Dec 5, 2011

Austerity Coming Soon-to Italy

December 5, 2011

It’s risk on today as optimism about the Italian debt situation is fueling a yield drop of 50bps on the Italian 10 year. Italian leaders have proposed a new, $40 billion in additional austerity in spite of a looming recession heading into next year. The plan ties government pensions to contributions instead of a worker’s last salary, brings back property taxes, and adds a levy on luxury goods. The rally in Italian bonds is the first uptick in seven weeks. US equity markets are also bouncing on the news, with equities gaining over 1% on the open. Financials are getting the biggest bid this morning, rising by 2%.

The ISM Non-manufacturing composite (chart below) came in this morning in a positive (>50) range at 52.0, but less than consensus at 53.9. Factory orders, which were expected to decline by 0.3%, declined by 0.4%.

Online gaming company Zynga, famous for creating FaceBook sensation Farmville, is on the road this week. The company is attempting to raise $1 billion in a deal expected to price next week.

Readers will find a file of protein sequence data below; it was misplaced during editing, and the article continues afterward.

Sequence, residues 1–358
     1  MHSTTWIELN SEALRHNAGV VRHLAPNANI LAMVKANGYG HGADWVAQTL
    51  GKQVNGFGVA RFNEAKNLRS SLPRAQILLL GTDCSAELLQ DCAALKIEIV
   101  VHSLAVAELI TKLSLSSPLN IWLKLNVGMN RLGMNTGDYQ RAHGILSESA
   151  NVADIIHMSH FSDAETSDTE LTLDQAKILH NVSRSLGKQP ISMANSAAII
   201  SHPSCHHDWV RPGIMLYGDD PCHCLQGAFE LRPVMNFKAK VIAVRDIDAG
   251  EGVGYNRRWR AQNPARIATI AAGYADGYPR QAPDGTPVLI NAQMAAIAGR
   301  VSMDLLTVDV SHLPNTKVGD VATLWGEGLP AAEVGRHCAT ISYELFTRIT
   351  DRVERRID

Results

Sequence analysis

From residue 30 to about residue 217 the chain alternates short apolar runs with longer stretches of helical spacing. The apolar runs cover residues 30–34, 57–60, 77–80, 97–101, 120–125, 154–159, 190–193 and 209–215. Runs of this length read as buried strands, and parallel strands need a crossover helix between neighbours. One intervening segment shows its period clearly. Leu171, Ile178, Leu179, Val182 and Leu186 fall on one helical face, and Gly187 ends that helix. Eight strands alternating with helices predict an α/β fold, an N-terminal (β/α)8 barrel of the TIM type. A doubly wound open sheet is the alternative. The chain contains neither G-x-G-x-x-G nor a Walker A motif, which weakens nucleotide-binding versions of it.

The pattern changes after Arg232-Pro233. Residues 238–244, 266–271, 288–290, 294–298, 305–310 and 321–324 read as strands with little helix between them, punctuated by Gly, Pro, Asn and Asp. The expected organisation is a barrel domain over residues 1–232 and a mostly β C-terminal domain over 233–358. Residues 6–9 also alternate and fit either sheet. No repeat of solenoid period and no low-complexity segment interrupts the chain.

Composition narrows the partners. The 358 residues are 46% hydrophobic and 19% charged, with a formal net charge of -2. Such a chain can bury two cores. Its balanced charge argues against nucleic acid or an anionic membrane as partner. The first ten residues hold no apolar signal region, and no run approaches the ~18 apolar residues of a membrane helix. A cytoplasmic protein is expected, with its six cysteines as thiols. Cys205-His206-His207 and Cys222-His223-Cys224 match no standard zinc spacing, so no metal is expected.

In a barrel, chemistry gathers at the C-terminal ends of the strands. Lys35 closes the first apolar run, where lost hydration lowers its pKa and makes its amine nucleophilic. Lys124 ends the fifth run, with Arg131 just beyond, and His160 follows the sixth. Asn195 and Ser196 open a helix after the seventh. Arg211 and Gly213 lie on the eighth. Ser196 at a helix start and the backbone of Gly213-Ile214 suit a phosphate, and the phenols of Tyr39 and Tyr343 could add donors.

Chinese government officials have stated it is unlikely they would be able to use their ample reserves to bail out Europe. “The reserves are not managed that way” said Fu Ying, China’s vice minister for foreign affairs. The IMF is reportedly looking for ways to help struggling European countries, reportedly exploring contributions from Eurozone central banks and the US Fed.

The Cain Train stopped over the weekend as Herman Cain decided to drop out of the Presidential race after being plagued by scandals. Mr. Cain certainly shook up the establishment with his outspoken commentary and out of the box thinking.

ComScore is reporting that Cyber Monday sales were a record $1.25 billion last week and total online sales for the week rose 15% to $5.96 billion.

The big surprise Friday was the decline in the unemployment rate to 8.6% for November. The downside, of course, is that virtually all of the decline was derived from discouraged unemployed workers dropping out of the job search market.

The BCS bowl pairings are out, and Alabama will be getting the rematch they wanted with LSU in the championship game. UCLA offered Boise State coach Chris Peterson roughly 3.5x his present pay, and he turned it down. I think it tells you how bad that UCLA job is when a coach doesn’t want to leave IDAHO for Southern California and $4 million per year. Of course, the new coach will have big shoes to fill as the Bruins have the opportunity to become the first bowl team (yes, they are playing in the Kraft Fight Hunger Bowl) to EVER lose eight games in a single season.

Have a great Monday


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